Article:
purchase products that meet agreed-upon underwriting and term criteria.
LIMAC's volume has increased steadily in recent years, and now totals
$125 million in loans purchased or committed.
A third pioneer, Neighborhood Housing Services of America (NHSA),
purchases single family affordable housing loans in support of its network
of over 170 affiliated NeighborWorks® organizations throughout the
country. Under its two primary programs, NHSA buys rehabilitation loans
originated by local NeighborWorks® programs. It also buys home mortgage
loans originated by local lenders on behalf of nonprofits. NHSA now purchases
about $35 million in loans annually, with a cumulative total of over $200
million in loans in its 23 year history. The majority of NHSA's investors
are insurance companies and financial institutions.
More progress has been made in creating a secondary market for single-family
affordable housing than for community development loans. This is in large
part due to a more developed infrastructure of originators and investors.
However, the promise of a secondary market for community development loans
which include affordable multifamily and economic development loans remains
The need for a financing system for multifamily housing loans was the
subject of a landmark report issued by the National Task Force of Financing
Affordable Housing in 1992.
Sponsored by an impressive list of corporations, foundations and national
nonprofits, the task force proposed a series of recommendations designed
to promote a more efficient, less fragmented system. The effort resulted
in creation of the Multi-Family Housing Institute, based in Washington,
D.C., which has been charged with the task of implementing the recommendations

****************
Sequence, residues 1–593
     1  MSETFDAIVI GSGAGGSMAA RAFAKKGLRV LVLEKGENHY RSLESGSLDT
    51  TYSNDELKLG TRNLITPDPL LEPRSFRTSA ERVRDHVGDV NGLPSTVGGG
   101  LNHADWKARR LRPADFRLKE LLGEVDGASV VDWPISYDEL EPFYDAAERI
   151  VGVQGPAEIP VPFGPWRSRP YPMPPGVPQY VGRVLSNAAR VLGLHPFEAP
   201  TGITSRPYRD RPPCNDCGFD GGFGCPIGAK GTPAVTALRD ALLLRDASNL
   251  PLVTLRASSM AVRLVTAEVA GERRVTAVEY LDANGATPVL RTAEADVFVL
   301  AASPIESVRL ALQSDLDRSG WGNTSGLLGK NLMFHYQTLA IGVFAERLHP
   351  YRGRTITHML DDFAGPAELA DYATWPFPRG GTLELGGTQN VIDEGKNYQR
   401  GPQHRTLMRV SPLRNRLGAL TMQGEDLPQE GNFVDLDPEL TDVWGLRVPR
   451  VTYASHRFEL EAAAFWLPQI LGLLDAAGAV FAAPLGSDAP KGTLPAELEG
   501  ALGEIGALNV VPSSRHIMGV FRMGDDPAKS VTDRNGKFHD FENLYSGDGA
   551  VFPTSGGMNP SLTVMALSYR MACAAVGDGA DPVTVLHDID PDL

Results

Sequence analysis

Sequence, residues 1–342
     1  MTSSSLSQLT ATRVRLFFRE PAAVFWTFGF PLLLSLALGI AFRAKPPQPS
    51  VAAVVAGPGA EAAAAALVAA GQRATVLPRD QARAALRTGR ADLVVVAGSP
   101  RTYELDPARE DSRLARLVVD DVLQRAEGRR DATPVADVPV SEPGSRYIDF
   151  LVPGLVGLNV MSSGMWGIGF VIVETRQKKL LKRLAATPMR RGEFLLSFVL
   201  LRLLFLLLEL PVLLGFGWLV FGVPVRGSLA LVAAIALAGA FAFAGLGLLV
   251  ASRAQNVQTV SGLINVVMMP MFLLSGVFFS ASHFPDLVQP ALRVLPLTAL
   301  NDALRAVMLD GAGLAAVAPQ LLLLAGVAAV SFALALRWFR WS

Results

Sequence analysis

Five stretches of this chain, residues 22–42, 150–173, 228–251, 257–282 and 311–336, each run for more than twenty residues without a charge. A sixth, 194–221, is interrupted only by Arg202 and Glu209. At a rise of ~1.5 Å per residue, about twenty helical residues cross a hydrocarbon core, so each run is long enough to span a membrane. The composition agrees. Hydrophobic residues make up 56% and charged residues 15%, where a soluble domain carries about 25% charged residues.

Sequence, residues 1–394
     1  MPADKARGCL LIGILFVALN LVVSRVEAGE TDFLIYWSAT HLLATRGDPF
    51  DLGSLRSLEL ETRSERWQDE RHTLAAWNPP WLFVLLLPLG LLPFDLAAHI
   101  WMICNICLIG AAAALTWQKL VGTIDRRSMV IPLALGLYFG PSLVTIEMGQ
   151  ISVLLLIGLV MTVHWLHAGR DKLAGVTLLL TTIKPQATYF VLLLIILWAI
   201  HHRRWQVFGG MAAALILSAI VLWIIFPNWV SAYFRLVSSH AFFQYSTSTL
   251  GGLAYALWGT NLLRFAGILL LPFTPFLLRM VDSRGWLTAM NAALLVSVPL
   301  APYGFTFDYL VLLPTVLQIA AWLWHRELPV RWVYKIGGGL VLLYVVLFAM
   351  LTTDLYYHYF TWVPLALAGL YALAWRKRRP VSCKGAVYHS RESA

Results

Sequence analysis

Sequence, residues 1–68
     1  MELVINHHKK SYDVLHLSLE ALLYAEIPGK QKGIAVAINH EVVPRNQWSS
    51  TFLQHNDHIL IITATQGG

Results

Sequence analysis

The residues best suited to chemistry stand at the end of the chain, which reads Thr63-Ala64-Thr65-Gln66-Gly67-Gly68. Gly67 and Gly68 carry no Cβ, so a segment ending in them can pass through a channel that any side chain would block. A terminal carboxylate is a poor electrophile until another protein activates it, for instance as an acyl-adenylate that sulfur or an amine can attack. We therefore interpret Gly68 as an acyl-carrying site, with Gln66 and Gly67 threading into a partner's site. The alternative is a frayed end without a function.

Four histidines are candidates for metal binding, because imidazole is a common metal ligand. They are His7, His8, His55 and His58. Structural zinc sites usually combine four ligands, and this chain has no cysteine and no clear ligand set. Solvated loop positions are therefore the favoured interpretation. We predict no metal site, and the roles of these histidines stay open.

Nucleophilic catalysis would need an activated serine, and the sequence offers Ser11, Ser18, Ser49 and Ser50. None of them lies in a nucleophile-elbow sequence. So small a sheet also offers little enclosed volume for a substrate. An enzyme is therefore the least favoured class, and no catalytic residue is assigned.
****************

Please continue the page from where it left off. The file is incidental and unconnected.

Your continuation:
of the task force. The Institute, which is now affiliated with the Urban
Land Institute, is creating a national database to track the performance
of affordable and market rate multi-family properties. The database, which
tracks over 200 specific data elements, includes information on the loan
performance, management, and fiscal health of each property tracked. A
web site is planned for early 1998 which will make these data available
to the public. From there, industry benchmarks could be established for
property and loan performance, helping capital markets better assess the
risks of such multi-family financings.
None of the advances made to date have come easily. For example, the
first sale in 1992 of $14 million in loans by the California Community
Reinvestment Corporation (CCRC) to Fannie Mae was a lengthy and difficult
process. Since then, CCRC and several other consortia have sold relatively
small portions of their portfolios to private investors and in some cases
to their own member banks. Selling loans in this piecemeal fashion is
expensive without the help of a conduit mechanism for aggregating and
securitizing large pools of loans.
In spite of the challenges, intermediaries such as CRF, LIMAC and NHSA
are proving that community development loans are a good investment. Neither
CRF, LIMAC nor NHSA has ever been delinquent on a bond or other scheduled
payment, and there have been few defaults. Investment returns have been
attractive as well. In the case of CRF, for example, investors have obtained
returns ranging between 160 and 200 basis points above comparable Treasury
rates. Underwriting criteria are high by any standard, and risk is mitigated
by excess collateral, excess cash flow, credit enhancements and other
Investing in the diverse array of loans and products offered by these
intermediary organizations is an equally varied set of investors, including
- Philanthropic contributors who provide operating support